Hello Current and Future Interns!
Here’s a brief history lesson of some amazing people and the building that houses their legacy:
The Kolb Brothers Studio, located on the South rim of the Grand Canyon, currently houses art and historical exhibits. While attending the 2010 training trip at the Grand Canyon and checking out an exhibit on plants, I happened to run into the husband of the main historian. He had the most hilarious business card I had ever seen: his name with the word “Retired” underneath, a majestic picture of mountains and clouds, and the words “I have that day off…” While giving me, Marian Hoffner (CLM Internship Coordinator), and two other interns a brief history lesson, he noticed our rapt attention and enthusiasm and offered us a unique behind the scenes tour of the studio that usually only 10 visitors get to see every year.
The Kolb brothers, Emery and Ellsworth, were entrepreneurs who founded the Bright Angel Trail at the Grand Canyon and built a ramshackle dwelling offically labeled an ‘entertainment studio’ literally hanging out over the canyon rim. They used to charge 50 cents per person and animal headed down the trail. In an effort to attract more visitors, they would stage daring action poses and publish the photographs. They also shot the first motion picture footage of the Grand Canyon while floating down the Colorado River in 1911. As the visitors were making the arduous trek down, the brothers would take their picture, race 8 miles down to the nearest water source to develop the film, and then race back up so they could sell the pictures to the tourists before they departed. It turned out to be a very lucrative endeavor.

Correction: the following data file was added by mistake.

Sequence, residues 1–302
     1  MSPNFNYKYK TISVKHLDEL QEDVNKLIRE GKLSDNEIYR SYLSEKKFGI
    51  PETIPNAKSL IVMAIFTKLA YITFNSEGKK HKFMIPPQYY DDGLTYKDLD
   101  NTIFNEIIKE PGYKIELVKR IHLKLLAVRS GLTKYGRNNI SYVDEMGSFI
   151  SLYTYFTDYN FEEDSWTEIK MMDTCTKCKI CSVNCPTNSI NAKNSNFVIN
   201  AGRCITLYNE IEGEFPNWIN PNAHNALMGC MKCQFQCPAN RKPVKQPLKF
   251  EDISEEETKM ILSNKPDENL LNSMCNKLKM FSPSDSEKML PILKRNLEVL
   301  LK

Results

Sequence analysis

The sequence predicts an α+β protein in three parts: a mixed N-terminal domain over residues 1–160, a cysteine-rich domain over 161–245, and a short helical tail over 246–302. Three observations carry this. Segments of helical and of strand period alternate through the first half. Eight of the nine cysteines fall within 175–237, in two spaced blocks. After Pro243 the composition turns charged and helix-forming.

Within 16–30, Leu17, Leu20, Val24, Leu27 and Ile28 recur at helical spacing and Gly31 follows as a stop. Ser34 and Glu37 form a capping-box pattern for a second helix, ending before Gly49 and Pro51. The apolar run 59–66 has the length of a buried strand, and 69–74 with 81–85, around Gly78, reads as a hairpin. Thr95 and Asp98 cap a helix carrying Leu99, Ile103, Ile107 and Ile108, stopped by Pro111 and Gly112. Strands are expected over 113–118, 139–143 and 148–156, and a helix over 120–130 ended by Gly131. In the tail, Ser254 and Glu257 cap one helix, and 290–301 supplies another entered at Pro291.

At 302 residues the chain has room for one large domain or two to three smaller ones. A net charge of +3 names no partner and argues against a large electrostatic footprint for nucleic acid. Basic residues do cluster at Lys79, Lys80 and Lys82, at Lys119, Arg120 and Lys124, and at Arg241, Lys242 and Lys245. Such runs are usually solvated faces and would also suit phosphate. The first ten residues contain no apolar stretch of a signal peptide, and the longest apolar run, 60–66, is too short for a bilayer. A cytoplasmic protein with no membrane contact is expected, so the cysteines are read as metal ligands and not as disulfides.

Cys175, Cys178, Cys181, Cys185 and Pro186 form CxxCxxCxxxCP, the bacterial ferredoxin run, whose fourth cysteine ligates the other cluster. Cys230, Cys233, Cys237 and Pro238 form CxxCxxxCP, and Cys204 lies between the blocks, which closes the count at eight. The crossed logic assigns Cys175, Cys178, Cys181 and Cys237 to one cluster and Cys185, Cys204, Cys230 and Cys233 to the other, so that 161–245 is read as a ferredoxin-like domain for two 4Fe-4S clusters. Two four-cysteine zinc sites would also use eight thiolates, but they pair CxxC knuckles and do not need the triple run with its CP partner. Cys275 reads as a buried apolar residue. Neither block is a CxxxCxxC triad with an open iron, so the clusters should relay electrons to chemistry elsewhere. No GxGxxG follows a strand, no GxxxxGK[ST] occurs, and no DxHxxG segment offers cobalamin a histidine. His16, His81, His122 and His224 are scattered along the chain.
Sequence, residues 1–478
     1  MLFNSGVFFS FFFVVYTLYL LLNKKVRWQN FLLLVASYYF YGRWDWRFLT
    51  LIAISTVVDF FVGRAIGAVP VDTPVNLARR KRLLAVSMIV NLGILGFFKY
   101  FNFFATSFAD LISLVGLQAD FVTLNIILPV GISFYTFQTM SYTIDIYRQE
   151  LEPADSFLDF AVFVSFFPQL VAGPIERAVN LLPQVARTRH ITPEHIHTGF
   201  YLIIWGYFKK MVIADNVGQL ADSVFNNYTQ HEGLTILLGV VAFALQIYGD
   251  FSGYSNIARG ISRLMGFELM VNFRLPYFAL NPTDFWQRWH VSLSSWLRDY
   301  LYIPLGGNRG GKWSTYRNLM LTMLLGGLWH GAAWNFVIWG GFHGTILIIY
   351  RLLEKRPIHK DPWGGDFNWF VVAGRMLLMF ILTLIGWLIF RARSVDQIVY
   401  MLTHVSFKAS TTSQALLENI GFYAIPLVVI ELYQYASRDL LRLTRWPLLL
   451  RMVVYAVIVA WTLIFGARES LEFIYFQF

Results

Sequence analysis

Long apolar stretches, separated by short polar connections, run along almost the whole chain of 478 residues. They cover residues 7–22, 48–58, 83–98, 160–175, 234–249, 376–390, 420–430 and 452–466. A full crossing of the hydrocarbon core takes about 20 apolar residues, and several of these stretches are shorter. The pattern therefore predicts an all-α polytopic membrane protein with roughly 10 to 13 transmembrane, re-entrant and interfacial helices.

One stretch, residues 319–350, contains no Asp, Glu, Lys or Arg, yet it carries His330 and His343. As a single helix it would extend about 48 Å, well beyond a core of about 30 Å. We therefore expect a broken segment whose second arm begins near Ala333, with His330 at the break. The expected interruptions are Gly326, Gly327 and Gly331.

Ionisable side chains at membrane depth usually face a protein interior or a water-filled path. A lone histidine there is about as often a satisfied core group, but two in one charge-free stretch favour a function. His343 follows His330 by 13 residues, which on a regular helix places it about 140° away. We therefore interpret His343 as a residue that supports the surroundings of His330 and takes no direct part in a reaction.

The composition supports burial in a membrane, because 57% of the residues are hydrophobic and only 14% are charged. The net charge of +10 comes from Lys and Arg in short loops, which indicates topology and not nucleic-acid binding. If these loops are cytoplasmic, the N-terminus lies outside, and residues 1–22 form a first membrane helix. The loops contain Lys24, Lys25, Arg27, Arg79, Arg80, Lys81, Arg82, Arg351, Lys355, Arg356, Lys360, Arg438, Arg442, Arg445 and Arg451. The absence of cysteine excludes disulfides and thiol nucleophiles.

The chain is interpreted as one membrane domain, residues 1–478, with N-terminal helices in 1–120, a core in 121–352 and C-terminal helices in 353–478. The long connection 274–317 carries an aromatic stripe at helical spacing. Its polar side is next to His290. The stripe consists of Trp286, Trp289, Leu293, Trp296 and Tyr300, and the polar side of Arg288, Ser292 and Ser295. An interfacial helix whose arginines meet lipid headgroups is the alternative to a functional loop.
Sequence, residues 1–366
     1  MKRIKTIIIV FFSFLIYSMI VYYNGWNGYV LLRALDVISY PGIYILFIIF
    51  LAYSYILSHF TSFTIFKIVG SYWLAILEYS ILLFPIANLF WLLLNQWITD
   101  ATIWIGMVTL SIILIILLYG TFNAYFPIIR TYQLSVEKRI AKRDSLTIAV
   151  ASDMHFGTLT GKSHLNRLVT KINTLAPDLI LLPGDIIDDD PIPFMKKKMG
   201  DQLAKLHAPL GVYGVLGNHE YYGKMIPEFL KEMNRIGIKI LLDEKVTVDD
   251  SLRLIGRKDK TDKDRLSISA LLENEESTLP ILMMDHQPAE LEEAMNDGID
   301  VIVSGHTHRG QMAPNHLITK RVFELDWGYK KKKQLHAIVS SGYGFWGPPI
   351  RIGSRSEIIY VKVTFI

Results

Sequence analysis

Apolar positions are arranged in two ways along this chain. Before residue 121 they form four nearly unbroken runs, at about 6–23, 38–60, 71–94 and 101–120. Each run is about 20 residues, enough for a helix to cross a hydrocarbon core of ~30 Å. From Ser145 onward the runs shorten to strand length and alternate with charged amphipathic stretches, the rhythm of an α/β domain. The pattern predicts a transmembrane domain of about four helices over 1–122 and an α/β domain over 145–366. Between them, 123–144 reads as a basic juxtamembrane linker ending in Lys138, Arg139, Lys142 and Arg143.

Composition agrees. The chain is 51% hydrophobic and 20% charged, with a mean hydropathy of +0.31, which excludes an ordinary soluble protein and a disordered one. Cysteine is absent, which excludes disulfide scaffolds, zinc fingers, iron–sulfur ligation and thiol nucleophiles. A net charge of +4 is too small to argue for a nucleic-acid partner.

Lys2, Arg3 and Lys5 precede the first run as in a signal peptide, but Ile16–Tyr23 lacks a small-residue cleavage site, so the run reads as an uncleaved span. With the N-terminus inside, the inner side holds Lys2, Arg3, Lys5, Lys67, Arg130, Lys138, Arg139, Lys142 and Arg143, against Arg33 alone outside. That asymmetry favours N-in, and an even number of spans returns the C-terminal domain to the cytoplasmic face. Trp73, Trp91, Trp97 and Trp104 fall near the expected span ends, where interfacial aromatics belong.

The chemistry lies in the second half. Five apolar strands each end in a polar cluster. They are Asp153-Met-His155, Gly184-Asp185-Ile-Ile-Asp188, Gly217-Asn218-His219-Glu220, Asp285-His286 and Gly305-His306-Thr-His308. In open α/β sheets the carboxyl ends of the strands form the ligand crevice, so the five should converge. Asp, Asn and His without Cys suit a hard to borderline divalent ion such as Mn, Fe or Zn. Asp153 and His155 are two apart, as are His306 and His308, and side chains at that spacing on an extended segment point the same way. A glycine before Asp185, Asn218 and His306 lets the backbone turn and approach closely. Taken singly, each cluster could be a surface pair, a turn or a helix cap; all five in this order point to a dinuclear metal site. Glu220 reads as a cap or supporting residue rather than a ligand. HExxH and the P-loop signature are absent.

We got to tour their original living quarters and photography studio, complete with all the original furniture (Tiffany lamps and elaborately carved wood) and an original photo of Teddy Roosevelt riding down on a mule. The controversial history of the building itself was relayed to our eager ears. When the federal government first acquired the land, the building was viewed as an eyesore. The government officials reluctantly agreed that the brothers could continue to live there until their deaths, after which it would be demolished. However, one of the brothers lived well into his 90s, long enough to make his house eligible to be listed on the National Register of Historical places. Eventually the ‘eyesore’ evolved into a national treasure. In the 1970s when the building was renovated, it was discovered that there was no foundation or secure method of attachment. The house was just hanging out all of those years. Considering the Bright Angel Trail is located along a fault line, it is astonishing that it survived such precarious placement for so many years!
Conservation and Land Management Intern
Colorado State Office of the Bureau of Land Management